Most people see rats only as villains; most often used in horror movies to create the ambience of creepy and eery feelings. In general they have mostly received bad press. When you get to know rats, however, they are the most wonderful creatures and even from the perspective of plant lovers and those interested in the world of scent they have much to offer.
Our beloved family rat, Ebony, died. She was such a beautiful, intelligent and loving rat. We will miss her so much. It is amazing how one creature can change your entire view of a specie. The love for something always brings you knowledge. When you love something you are always drawn to enquire more which is why the ancient Egyptians called true knowledge “intelligence of the heart” – Sia. Love induces you to reach out in a gesture of wanting to understand and in that reaching out through love, knowledge is gained that would have remained in obscurity if it wasn’t for the object of your love. Now, whenever I see a rat, I feel a tug on my heart strings, in the memory of her, and in gratitude for enriching our lives with her gentle presence.
Rats as Freedom Fighters
Rodents plays an important role in fynbos pollination as well as being important in the dispersal and survival of many fynbos plant species, especially those with nut-like fruit and no other obvious dispersal mechanism. Jan Vlok from the Cape Nature Conservation in his article on “Fynbos and Rodents” (Veld &Flora, December 1995) calls them “freedom fighters” in the fynbos system.
Many rodents eat flowers or flower-parts. In most cases, flower-feeding by African mammals is destructive and is of little or no benefit to the plant. Although pollination by non flying mammals is not a uniquely African phenomenon, the degree to which it occurs in the fynbos is exceptional and matched only in Australia, where the plants involved are usually from the Proteaceae or Myrtaceae. (Ref)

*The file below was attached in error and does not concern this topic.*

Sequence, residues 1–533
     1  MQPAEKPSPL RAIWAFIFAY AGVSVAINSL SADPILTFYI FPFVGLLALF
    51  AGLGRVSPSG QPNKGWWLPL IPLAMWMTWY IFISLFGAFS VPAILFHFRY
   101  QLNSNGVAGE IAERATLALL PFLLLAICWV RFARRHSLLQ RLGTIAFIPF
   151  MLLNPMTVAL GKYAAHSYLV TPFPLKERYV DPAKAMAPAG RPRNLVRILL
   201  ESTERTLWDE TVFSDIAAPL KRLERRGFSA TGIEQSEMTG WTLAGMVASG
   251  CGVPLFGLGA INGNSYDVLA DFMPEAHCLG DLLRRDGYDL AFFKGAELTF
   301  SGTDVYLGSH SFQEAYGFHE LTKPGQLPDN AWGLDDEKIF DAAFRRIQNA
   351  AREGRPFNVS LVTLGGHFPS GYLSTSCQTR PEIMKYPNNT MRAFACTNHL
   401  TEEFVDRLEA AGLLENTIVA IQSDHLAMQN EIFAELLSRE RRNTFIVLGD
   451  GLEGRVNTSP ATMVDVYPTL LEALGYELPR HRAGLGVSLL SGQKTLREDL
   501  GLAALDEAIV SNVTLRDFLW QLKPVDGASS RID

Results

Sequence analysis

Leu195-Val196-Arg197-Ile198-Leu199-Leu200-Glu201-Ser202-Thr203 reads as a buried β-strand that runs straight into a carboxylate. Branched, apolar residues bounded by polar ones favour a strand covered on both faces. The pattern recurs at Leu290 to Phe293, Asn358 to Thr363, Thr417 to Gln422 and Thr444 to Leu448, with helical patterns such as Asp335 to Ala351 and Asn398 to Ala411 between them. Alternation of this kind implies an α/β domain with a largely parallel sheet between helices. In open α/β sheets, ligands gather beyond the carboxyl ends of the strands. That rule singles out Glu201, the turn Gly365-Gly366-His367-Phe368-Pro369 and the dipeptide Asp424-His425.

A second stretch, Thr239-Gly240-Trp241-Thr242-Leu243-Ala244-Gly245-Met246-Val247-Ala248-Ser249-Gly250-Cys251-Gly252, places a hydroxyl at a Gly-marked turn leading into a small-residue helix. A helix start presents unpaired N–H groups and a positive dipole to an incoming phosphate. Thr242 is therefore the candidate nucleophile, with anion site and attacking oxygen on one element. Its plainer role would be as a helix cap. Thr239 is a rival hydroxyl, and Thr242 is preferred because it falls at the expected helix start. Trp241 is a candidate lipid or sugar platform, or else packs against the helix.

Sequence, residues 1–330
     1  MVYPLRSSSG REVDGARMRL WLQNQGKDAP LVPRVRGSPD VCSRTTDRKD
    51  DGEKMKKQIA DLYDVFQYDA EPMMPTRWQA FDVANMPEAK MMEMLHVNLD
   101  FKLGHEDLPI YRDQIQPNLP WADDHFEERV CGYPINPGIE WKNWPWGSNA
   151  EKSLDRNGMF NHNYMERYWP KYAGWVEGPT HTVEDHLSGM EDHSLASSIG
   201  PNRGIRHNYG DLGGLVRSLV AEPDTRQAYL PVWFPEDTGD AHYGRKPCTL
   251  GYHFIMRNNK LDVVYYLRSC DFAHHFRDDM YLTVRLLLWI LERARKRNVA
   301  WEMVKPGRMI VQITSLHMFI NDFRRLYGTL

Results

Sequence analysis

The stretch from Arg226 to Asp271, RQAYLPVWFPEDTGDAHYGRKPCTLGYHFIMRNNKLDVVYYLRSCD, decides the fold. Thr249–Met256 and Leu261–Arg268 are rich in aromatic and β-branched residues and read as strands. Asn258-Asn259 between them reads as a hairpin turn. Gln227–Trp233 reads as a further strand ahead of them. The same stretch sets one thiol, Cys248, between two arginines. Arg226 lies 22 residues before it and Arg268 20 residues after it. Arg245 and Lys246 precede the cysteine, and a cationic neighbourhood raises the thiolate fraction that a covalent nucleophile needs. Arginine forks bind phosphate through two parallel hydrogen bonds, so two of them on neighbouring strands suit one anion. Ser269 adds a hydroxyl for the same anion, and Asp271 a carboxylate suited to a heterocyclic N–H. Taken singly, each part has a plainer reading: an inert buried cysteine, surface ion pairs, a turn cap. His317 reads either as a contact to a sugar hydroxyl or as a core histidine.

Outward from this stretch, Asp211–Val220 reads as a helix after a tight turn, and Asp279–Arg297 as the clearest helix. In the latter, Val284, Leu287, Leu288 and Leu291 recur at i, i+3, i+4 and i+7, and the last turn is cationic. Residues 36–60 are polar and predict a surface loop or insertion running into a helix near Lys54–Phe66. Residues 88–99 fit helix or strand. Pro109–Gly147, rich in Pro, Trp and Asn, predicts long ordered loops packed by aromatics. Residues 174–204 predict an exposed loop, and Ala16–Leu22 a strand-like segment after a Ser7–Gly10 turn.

There are over 20 rodent species in the fynbos area. The flowers of rodent-pollinated proteas like Protea cordata, P. decurrens and P. humiflora and Massonia depressa shows many convergent traits which include: dull-coloured flowers positioned close to the ground with a yeasty odour that becomes stronger at night and copious amounts of easily accessible nectar secreted in the evening when rodents are active; and winter flowering. Other South African monocotyledons, such as Androcymbium pulchrum, Androcymbium eucomoides (Colchicaceae), and Eucomis humilus (Hyacinthaceae), have similar traits that fit the rodent pollination syndrome, suggesting that the rodents may have shaped the evolution of these floral traits. (Ref)
The South African rodents involved in the pollination of Protea species are seasonal nectarivores, feeding on foliage and seeds for most of the year. The main food rewards, nectar and pollen, are available to them in winter, when energy requirements of small rodents are high. More predaceous flower-feeders which eat entire flowers will also extract energy and various nutrients from petals, bracts and other flower parts, and rodent pollinators sometimes consume the bracts of Protea inflorescences. The nectar of Protea is unusual in that it contains the pentose sugar xylose. Within the Proteaceae, this sugar is restricted to the closely related genera Protea and Faurea, and it is not known from any other floral nectars. The concentration of xylose tends to be higher in mammal-pollinated species. Rodents prefers sucrose to hexoses and hexoses to xylose but, unlike birds, they were willing to drink pure xylose solutions and are able to digest it. Despite having a low sugar concentration (20%), the nectar of M. depressa is almost 400 times as viscous as an equivalent sugar solution. The jelly-like constituent in the nectar may discourage robbing by insects, while also facilitating lapping by rodents. (Ref)